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The business lobby thinks forward

I haven't read Jacob Hacker and Paul Pierson's new book on the rise of the business lobby yet, but Kevin Drum sure likes it. Consider it on the list.

But one thing that's always annoyed me about the business lobby is its relentless focus on today's giveaways rather than tomorrow's economic foundation. The Chamber of Commerce will tell you that it supports infrastructure investment, as it knows perfectly well that bad roads and crumbling schools are bad for business. But compared with, say, its jihad on tax rates, it doesn't try all that hard.

Nevertheless, I was glad to see the group publish a new report on the importance of investing in early childhood education. Every piece of evidence I've seen suggests that this is probably the biggest free lunch in American policy. Investing in very young kids produces huge gains, but because infants don't vote, we wildly underinvest in it.

Consider the amount of energy we expend trying to improve K-12, which is extremely hard and expensive and will have uncertain results vs. guaranteeing everyone gets preschool, which is straightforward and would have huge benefits. The Chamber's report, in fact, has a great graph on this. It's a graph, actually, that should really inform a lot more of our policy choices than it does:


By Ezra Klein  |  September 10, 2010; 10:23 AM ET
Categories:  Education  
Save & Share:  Send E-mail   Facebook   Twitter   Digg   Yahoo Buzz   StumbleUpon   Technorati   Google Buzz   Previous: Extending the Bush tax cuts for all Americans is unpopular
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"But one thing that's always annoyed me about the business lobby is its relentless focus on today's giveaways rather than tomorrow's economic foundation."

Steven Teles, in a book chapter "Conservative Mobilization against Entrenched Liberalism" (found in the book "The Transformation of American Politics," ed. by Paul Pierson and Theda Skocpol) makes that point wonderfully in relation to the development of right-wing legal institutions.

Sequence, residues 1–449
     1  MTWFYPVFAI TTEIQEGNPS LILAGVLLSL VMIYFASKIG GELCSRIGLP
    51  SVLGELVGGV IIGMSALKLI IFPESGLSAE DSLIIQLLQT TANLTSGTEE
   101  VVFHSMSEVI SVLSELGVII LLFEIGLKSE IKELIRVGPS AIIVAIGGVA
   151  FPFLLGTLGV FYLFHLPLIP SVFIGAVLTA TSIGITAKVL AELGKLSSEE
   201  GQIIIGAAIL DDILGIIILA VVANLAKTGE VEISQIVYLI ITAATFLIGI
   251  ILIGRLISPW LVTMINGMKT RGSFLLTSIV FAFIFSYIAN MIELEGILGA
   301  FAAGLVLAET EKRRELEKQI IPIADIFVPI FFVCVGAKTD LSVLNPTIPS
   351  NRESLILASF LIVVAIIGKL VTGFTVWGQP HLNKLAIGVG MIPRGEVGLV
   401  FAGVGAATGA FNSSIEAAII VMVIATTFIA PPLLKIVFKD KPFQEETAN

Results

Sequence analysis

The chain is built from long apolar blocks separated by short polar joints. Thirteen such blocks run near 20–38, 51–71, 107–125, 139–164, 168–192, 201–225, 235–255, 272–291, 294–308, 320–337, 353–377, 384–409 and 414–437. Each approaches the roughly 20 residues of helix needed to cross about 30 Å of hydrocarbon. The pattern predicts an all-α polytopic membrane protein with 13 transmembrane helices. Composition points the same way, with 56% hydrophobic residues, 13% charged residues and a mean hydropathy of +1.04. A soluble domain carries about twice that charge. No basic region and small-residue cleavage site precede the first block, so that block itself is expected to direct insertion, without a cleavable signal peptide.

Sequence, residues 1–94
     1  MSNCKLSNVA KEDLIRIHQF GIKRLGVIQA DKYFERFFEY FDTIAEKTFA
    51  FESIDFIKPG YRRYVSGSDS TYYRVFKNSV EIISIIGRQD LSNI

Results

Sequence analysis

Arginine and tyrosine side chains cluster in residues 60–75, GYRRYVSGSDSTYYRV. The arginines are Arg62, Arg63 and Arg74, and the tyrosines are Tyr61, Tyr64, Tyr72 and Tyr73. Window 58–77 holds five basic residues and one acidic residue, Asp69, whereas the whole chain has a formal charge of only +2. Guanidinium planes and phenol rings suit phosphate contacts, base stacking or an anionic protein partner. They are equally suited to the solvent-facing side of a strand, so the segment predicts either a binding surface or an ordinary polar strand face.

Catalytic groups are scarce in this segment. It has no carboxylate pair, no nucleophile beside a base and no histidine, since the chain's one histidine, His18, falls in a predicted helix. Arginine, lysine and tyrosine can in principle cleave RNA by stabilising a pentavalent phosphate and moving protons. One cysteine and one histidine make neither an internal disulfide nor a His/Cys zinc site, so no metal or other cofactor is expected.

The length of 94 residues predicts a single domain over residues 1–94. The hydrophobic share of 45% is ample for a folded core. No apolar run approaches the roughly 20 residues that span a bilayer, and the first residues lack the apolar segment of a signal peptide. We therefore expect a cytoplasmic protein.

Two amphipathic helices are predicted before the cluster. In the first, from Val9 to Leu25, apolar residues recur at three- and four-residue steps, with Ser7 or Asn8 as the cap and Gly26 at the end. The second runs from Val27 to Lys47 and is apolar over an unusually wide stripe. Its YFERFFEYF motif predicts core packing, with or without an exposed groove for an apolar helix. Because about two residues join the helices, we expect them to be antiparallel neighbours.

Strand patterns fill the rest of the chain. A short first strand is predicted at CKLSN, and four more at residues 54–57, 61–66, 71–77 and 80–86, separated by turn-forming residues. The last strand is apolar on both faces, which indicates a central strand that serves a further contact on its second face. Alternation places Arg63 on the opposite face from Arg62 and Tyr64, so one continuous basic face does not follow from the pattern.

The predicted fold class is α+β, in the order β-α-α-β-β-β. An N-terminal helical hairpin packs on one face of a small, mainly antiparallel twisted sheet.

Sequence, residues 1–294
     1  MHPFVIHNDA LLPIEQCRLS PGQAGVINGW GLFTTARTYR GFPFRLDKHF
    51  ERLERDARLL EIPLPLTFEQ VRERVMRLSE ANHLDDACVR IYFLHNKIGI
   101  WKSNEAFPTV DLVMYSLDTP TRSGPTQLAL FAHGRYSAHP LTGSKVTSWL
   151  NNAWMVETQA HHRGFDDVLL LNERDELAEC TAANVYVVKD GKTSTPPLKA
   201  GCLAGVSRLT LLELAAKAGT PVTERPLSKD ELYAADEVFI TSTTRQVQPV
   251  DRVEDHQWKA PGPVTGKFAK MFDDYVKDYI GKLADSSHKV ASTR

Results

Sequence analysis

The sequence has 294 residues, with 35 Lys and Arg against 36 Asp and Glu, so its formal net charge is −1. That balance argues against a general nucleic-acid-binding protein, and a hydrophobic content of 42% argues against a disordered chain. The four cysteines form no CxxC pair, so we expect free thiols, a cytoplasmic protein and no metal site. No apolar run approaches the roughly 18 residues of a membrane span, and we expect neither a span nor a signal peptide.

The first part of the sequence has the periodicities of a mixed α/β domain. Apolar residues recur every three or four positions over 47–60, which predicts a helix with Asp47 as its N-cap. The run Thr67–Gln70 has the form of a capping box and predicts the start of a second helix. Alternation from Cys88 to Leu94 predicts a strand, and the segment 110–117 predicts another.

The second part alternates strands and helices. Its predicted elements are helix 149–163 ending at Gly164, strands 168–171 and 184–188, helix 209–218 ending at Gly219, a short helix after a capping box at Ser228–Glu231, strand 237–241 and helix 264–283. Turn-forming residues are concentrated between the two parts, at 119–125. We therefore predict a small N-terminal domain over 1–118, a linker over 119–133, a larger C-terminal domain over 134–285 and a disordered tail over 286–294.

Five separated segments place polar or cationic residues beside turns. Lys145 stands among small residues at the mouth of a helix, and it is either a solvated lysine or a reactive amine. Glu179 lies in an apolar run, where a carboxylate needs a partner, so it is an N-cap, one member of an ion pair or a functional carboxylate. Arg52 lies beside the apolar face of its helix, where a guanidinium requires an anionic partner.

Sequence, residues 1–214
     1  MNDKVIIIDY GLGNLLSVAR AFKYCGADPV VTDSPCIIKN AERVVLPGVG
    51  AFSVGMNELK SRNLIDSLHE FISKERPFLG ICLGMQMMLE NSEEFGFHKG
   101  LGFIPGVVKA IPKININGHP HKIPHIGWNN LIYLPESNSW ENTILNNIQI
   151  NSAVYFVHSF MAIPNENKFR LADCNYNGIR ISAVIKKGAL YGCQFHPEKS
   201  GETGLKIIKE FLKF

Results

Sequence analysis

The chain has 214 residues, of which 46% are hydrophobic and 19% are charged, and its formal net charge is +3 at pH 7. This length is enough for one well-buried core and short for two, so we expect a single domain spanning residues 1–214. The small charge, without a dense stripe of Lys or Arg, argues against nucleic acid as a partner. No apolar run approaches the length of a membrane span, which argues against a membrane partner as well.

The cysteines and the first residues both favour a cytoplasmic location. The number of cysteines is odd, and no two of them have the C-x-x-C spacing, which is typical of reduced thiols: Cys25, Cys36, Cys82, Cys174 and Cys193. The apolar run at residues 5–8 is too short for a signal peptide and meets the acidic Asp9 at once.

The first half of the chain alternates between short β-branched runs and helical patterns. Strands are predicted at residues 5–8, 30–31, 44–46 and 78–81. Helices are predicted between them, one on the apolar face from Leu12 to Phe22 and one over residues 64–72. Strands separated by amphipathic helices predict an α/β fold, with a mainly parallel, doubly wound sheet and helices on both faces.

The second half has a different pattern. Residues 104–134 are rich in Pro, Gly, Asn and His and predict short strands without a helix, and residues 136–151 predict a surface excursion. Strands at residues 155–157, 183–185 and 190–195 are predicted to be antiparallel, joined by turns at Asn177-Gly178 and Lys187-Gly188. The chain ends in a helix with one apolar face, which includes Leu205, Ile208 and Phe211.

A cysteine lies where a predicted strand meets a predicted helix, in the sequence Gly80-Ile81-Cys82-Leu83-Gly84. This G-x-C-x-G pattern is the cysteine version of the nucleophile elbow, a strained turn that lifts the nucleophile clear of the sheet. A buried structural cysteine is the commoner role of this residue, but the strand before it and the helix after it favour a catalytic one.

"Conservatives were slowly recognizing that businesses could not be counted on to protect the free market; they would always take advantage of short-term opportunities, even when this extended government control. Ultimately, conservatives needed to find nonbusiness constituencies to defend, ones that would them to claim the mantle of public interest from the left" (177).

It's interesting how they've dealt with the incentive problem: businesses are driven mainly by short term profit maximization, while the right wing has been able to create an extended intellectual network that is not tied to similar short term incentives (elections say) but to the longer-term incentives offered by ideological consistency (and the so called wingnut welfare that adopting such a stance affords one).

Posted by: y2josh_us | September 10, 2010 11:41 AM | Report abuse

Socialism! Bad... um... just because, ok?

Posted by: mezcalero | September 10, 2010 12:16 PM | Report abuse

I don't want none of my kids to go to one of them there nazi-commie indoctrination camps! Little Lenin's Early Childhood re-education program is what they should call it!!


Posted by: will12 | September 10, 2010 3:17 PM | Report abuse

You are apparently confused because business would like to see infrastructure creation coupled with tax breaks. That's not at all contradictory. Whenever a factory is lured into an area, it's done with a combination of infrastructure improvements...and tax breaks--but only for the new business. What the business community as a whole wants is clear--goodies that help them, but are paid for by the rest of the community. Sports team owners are the kings and queens of this mindset, but lots of other business owners think the same way.

Posted by: ciocia1 | September 10, 2010 3:50 PM | Report abuse

I like the general idea of this graph--but it's what Edward Tufte calls "mystery meat data"--where are the actual numbers of the rate of return to investment?

Posted by: moiraeve1 | September 12, 2010 5:02 PM | Report abuse

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